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Monday, May 29, 2017

Big Data: Getting information from data

Big Data is all around us. But there are pitfalls in converting this growing avalanche of data into useful information.

Two decades ago, we saw the early introduction of data collection and storage systems into industrial settings. My own experience with these systems, such as the PI data historian system from OSIsoft, was in the pulp and paper industry, but the prevalence of these systems crosses sector boundaries. The purpose was to look at trends in all the different sensor readings, control actions and actuator settings in an industrial process, in order to attempt to draw conclusions from the accumulated machine records that might not be immediately obvious to operators or technical staff. These conclusions could then presumably be used to reduce operating costs or improve product quality.

Growth of these systems tracked the decrease in the cost of computer data storage systems. With memory chips and hard drives being expensive early in the computer era, operating data was often overwritten daily if not hourly. A study I ran in the late 1990's [see reference below] had access to 36 months worth of industrial data, collected daily by a mill engineer and averaged monthly. So 36 data points to describe 3 years of operations ... today, a years' worth of industrial process data from a full-scale plant amounts to terabytes of data, but can be stored forever at a cost of a few dollars.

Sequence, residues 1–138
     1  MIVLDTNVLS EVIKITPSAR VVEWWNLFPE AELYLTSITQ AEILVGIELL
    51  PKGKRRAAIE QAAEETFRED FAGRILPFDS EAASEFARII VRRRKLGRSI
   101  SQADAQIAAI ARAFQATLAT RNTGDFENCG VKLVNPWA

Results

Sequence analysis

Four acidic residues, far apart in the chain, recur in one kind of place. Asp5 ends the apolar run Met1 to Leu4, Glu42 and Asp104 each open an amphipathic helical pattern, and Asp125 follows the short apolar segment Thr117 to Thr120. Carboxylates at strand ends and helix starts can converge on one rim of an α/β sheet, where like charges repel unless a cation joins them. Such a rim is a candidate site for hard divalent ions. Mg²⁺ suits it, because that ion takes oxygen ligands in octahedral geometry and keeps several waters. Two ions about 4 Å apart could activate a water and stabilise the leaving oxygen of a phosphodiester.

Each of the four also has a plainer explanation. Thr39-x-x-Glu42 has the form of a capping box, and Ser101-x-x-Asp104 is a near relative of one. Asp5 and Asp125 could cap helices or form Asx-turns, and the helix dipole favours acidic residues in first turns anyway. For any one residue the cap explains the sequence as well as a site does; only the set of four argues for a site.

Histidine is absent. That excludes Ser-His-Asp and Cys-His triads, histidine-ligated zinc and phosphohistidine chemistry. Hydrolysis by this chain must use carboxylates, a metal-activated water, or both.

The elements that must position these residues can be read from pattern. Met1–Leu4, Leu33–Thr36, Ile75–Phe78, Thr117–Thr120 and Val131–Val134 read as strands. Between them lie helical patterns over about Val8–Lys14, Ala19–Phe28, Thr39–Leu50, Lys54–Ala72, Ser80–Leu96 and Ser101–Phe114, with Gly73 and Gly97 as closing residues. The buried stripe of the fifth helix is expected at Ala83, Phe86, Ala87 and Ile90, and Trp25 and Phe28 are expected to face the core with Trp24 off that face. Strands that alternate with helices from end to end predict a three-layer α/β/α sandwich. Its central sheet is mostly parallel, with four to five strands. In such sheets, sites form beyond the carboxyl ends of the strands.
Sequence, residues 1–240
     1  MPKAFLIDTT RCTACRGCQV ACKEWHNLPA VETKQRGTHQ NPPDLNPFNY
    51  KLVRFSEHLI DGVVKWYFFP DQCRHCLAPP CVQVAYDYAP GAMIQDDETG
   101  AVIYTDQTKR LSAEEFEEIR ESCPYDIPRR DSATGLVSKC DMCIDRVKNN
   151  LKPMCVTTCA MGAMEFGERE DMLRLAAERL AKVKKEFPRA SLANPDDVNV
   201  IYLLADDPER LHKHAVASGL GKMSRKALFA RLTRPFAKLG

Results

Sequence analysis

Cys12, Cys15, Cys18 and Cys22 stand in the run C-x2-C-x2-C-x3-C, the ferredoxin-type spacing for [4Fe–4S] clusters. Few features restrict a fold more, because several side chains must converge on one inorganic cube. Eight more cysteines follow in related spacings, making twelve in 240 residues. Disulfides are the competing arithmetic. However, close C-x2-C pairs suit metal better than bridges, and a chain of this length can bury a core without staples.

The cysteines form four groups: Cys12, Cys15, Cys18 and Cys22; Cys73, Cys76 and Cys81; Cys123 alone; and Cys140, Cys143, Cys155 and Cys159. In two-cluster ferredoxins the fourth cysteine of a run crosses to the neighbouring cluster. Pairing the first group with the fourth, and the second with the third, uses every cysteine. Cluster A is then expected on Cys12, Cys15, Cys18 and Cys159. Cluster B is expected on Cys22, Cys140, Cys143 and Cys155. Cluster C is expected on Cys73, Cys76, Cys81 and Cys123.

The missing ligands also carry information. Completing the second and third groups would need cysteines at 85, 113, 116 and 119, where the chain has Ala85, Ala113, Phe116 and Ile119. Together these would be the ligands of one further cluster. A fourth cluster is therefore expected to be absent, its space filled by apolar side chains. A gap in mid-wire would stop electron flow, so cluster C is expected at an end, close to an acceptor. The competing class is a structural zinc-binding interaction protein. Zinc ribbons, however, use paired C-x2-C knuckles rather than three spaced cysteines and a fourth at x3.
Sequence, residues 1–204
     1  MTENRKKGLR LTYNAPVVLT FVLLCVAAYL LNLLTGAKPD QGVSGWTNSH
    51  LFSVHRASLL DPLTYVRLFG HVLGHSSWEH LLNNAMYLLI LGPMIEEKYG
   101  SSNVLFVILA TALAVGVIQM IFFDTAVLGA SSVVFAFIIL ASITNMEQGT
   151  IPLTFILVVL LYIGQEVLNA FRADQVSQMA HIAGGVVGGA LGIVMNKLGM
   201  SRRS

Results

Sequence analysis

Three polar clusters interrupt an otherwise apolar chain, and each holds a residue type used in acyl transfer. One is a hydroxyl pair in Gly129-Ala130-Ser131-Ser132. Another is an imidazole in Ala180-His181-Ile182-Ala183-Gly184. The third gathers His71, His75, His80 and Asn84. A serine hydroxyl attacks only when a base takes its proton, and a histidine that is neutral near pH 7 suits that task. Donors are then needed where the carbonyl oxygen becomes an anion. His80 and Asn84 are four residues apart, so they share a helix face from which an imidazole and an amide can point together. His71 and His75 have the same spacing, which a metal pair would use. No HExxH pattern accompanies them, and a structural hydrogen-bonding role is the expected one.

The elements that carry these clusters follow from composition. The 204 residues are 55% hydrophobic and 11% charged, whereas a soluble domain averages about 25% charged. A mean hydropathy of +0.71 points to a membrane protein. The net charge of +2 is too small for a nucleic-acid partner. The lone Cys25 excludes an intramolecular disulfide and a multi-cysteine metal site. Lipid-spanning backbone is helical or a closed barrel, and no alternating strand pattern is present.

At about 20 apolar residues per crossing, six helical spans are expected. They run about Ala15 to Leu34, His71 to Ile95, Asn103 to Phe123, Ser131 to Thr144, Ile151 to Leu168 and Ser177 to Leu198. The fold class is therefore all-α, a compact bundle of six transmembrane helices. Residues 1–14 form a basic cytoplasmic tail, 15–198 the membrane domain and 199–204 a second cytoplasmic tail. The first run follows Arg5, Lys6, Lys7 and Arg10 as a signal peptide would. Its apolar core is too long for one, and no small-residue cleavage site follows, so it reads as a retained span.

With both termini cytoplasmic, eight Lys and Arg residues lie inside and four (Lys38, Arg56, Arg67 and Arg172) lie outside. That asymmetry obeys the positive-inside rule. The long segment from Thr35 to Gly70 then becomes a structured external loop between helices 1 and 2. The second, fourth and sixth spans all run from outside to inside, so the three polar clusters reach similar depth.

In parallel with the rise of data historians and archiving systems, we saw the growth of analytical processes to try to make sense of this new avalanche of data. A quick Google search yields an enormous list of textbooks and articles on the topic of data mining and so-called 'statistical learning'; some are even sold by Amazon as well as publishers such as Springer-Verlag or Wiley.
Figure 1: Data from Nature, as used to illustrate correlation versus cause and effect by the late Prof. Martin Weber, Dep't of Chemical Engineering, McGill University, ca. 1990.
The problems that I have run into in a couple of cases are due to the data analyst not properly understanding the process in question, and coming up with recommendations which neglect underlying reasons (technical, economic, product quality, environmental permit constraints, etc.) for operating a particular mill in a particular fashion. In the worst cases, the old issue of correlation versus cause and effect rears its ugly head.
Figure 2: In this correlation, each stork is associated with approximately one live birth per working day (5 days per week, 50 weeks per year). 
In one case, data mining applied to an industrial data set was used to show that the value of a particular variable tended to swing over a very wide range. No good reason could be identified from the data as to why the variable should move around so much. A mild correlation with certain operating inputs (feedstock, water, energy, chemicals) was used to suggest that reducing the variability in this particular variable would help improve overall operating costs.